Guidelines for Student Dress
Personal appearance is, to a large degree, a function of biblical principles combined with personal values. At Western Seminary, we have avoided a “dress code” because this approach lends itself to legalism. However, there is also the danger that the lack of any direct statement might be construed as a lack of concern on the part of the institution about such matters as dress, neatness or personal appearance in general. Thus, we have attempted to identify principles which relate to this matter and trust that they will be applied by all.
These principles include:
- A believer’s body is a temple of the Holy Spirit;
- A person’s function or the occasion is an important part of the appropriateness of dress/appearance (God’s creation is one of order and order is related to function -- Genesis 1:24-28);
- How a person appears in another person’s presence may indicate their respect for that person or the purpose for which they are relating to that person;
- Preparation for ministry is a high calling;
- All believers, especially members of the seminary family, are subject to constant scrutiny by the community and constituency.
- You are encouraged to consider these principles in relation to overly casual attire, clothes in disrepair, a disheveled appearance, or immodest articles of clothing.
- The administration has established as a minimum standard that sleeveless shirts (for men) and bare feet are not considered appropriate for classroom attendance. Women are encouraged to be conscientious of necklines and hemlines.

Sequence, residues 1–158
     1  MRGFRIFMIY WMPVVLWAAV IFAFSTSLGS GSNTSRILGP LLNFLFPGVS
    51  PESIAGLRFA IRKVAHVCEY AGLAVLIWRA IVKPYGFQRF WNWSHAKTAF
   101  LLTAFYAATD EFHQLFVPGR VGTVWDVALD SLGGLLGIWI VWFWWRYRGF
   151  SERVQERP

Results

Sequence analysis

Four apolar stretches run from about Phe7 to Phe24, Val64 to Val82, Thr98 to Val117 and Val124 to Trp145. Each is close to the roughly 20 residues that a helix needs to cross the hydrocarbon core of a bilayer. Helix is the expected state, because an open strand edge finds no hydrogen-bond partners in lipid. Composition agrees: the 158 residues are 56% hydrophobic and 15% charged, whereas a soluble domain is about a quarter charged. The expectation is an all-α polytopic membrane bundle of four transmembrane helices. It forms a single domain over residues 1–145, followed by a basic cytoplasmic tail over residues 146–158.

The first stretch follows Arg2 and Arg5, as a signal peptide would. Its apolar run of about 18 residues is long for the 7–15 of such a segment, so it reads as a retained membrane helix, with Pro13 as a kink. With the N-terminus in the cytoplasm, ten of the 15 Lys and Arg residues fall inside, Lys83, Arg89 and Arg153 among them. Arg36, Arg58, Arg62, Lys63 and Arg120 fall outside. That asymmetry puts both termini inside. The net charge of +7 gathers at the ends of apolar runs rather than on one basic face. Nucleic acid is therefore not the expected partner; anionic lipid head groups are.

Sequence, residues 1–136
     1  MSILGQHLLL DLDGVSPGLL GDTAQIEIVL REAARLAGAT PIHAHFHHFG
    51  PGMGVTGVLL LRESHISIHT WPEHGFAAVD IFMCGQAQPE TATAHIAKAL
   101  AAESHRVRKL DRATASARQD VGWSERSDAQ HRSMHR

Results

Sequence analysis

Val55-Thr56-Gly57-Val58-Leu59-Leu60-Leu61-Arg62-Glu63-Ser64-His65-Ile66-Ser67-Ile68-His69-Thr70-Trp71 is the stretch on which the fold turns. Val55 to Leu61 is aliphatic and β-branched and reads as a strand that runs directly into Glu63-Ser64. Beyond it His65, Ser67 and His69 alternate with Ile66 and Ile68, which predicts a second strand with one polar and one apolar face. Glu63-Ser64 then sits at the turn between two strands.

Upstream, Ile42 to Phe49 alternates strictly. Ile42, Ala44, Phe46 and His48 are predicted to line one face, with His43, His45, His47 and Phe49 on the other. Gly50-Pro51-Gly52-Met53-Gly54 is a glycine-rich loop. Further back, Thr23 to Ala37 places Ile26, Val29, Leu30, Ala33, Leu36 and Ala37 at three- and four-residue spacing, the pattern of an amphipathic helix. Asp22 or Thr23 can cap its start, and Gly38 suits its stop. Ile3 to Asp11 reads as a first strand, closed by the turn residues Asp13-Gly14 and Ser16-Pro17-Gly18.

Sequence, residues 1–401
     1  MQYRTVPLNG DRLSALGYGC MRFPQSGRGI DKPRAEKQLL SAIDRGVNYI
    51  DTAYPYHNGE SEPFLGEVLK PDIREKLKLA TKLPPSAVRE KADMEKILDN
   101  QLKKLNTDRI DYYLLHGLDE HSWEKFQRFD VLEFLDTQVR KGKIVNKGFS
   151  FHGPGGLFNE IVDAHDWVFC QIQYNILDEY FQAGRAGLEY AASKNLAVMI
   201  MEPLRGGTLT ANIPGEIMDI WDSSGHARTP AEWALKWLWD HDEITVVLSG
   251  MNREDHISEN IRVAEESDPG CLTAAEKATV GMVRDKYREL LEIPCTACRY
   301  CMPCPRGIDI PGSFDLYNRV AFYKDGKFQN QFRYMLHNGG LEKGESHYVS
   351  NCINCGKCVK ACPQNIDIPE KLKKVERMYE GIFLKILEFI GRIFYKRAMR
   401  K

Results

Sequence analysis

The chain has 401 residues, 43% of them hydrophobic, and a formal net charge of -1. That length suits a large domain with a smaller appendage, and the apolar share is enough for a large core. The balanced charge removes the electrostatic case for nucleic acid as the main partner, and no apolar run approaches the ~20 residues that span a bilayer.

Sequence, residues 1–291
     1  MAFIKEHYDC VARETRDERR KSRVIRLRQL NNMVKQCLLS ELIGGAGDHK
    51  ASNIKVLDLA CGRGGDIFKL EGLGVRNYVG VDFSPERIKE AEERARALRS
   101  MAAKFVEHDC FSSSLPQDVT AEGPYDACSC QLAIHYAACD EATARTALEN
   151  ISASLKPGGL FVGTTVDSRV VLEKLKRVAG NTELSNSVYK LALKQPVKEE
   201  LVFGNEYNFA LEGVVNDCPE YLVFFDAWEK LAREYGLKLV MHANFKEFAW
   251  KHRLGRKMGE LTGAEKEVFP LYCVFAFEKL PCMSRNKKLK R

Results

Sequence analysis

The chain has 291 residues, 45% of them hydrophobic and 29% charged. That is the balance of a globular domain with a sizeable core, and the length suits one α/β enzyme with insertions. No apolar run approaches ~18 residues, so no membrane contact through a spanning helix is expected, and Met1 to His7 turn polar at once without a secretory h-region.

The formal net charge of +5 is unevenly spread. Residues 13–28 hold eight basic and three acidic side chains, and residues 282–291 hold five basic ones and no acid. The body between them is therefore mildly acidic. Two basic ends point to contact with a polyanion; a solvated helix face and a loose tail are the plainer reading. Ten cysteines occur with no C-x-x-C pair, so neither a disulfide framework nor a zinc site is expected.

Additionally, you are encouraged to be aware that the Western community is made up of men and women from many different ethnic backgrounds, denominational perspectives, and life stages. While personal appearance and dress are individual expressions, at Western we relate and interact as members of a community. In community, we are called to be considerate of others, even putting another’s interests above our own, or foregoing a personal liberty for the sake of another (Philippians 2:4; 1 Corinthians 9:19-23). Thus, consideration and respect for our brothers and sisters is an important value that we wish to impart.
The above statement is not intended to constitute a complete and final list of what is and isn’t allowable. There may be—in fact are—a number of things which would obviously not be acceptable (attending class without a shirt, for example), nor is this statement intended to be a “check list” to be interpreted legalistically -- students are still encouraged to apply “the spirit, not just the letter, of the law.” Neatness, cleanliness and propriety are still the keys and will be expected. Flagrant deviations from these guidelines will be dealt with on an individual basis.